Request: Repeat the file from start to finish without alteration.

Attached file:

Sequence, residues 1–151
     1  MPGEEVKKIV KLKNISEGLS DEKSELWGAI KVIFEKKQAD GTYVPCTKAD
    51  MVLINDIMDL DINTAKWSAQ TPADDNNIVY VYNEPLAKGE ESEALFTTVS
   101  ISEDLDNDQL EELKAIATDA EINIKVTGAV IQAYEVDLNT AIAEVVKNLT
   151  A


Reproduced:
Sequence, residues 1–151
     1  MPGEEVKKIV KLKNISEGLS DEKSELWGAI KVIFEKKQAD GTYVPCTKAD
    51  MVLINDIMDL DINTAKWSAQ TPADDNNIVY VYNEPLAKGE ESEALFTTVS
   101  ISEDLDNDQL EELKAIATDA EINIKVTGAV IQAYEVDLNT AIAEVVKNLT
   151  A